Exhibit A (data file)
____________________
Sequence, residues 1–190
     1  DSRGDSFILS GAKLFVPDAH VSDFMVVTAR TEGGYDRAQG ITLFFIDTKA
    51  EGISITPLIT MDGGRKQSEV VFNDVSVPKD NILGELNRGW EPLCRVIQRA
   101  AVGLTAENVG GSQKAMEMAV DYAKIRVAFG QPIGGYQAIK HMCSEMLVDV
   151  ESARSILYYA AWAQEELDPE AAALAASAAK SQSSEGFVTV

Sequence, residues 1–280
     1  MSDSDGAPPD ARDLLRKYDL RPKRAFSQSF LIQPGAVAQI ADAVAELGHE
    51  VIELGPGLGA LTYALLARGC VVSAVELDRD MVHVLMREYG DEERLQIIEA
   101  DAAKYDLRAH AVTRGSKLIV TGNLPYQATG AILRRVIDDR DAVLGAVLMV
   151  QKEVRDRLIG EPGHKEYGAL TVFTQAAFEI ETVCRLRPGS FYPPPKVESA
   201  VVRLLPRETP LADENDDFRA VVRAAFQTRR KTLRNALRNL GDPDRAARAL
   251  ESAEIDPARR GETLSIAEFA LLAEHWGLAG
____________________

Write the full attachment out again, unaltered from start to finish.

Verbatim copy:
Sequence, residues 1–190
     1  DSRGDSFILS GAKLFVPDAH VSDFMVVTAR TEGGYDRAQG ITLFFIDTKA
    51  EGISITPLIT MDGGRKQSEV VFNDVSVPKD NILGELNRGW EPLCRVIQRA
   101  AVGLTAENVG GSQKAMEMAV DYAKIRVAFG QPIGGYQAIK HMCSEMLVDV
   151  ESARSILYYA AWAQEELDPE AAALAASAAK SQSSEGFVTV

Sequence, residues 1–280
     1  MSDSDGAPPD ARDLLRKYDL RPKRAFSQSF LIQPGAVAQI ADAVAELGHE
    51  VIELGPGLGA LTYALLARGC VVSAVELDRD MVHVLMREYG DEERLQIIEA
   101  DAAKYDLRAH AVTRGSKLIV TGNLPYQATG AILRRVIDDR DAVLGAVLMV
   151  QKEVRDRLIG EPGHKEYGAL TVFTQAAFEI ETVCRLRPGS FYPPPKVESA
   201  VVRLLPRETP LADENDDFRA VVRAAFQTRR KTLRNALRNL GDPDRAARAL
   251  ESAEIDPARR GETLSIAEFA LLAEHWGLAG